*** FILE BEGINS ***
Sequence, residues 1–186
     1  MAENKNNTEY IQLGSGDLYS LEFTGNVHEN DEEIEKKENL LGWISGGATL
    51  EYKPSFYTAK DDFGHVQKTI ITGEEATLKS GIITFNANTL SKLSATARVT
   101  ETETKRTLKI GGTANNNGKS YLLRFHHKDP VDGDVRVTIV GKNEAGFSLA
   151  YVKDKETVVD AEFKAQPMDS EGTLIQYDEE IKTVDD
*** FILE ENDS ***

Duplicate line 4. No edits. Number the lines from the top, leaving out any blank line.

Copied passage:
   101  ETETKRTLKI GGTANNNGKS YLLRFHHKDP VDGDVRVTIV GKNEAGFSLA